2021 had a˜go go’ spring real estate market.Buyers far outnumbered sellers and as a result, the limited inventory was in great demand, causing buyers to bid over the listing price on many homes.

Buyers pressured their real estate agents to get them a house. Faced with extreme competition, the realtors came up with techniques to get the offers of their buyers considered. This included waiver of the lender appraisal, and waiver of the home inspection. Both of these tactics are however dangerous.

A buyer whose purchase is contingent upon obtaining a mortgage commitment may cancel the contract of sale if unable to do so. Part of the mortgage approval is an appraisal. Generally the mortgage application will be denied if the home does not appraise for at least the contract price.

When a buyer waives the appraisal in full, the buyer makes herself responsible to pay the dollar amount of any under appraisal. By way of example, a bank will lend 80% of the appraised value. The contract price is $200,000.00. The property appraises for $180,000.00. Instead of the buyer having to come up with $40,000.00 toward the purchase price, she will now have to pay $56,000.00 since the bank will only lend 80% of the $180,000.00.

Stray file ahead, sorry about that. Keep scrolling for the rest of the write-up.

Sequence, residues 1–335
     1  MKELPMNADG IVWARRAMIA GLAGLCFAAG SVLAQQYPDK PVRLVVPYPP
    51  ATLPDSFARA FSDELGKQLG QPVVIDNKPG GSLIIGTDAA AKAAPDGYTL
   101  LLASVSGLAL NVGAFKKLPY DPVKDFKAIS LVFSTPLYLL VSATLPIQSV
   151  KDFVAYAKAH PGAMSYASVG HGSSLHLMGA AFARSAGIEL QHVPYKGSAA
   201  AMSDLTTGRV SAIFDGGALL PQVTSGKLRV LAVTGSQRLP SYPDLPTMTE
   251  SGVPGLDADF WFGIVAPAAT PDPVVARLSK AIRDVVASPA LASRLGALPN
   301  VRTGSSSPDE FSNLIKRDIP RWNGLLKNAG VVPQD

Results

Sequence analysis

Sometimes buyers will hedge their bets by agreeing to pay up to a set amount of the under appraisal, such as $10,000.00. If the under appraisal exceeds that amount, then the buyer would be entitled to terminate the contract. In such cases, the buyers must ensure that they actually have this money in the bank and available.

Shifting gears, it is also unwise for the average buyer to waive their home inspection in order to get their contract offer noticed. An undiscovered leaking underground oil tank alone can cost upwards of $100,000.00 to properly address. Also, realtors and buyers are not qualified to determine whether a house is structurally sound, whether hidden wiring is up to code, whether a roof is beyond its useful life, and whether the plumbing needs to be replaced. The average homebuyer does not have an extra $20,000.00 to make unanticipated repairs after the closing.

The exception to my non-waiver advice is if the buyer is a professional seller or developer, who would have extensive expertise in evaluating building conditions.

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Charles D. Whelan III has been committed to excellence for over 30 years. With offices located centrally in New Jersey, he is able to provide businesses and individuals with excellent legal services.

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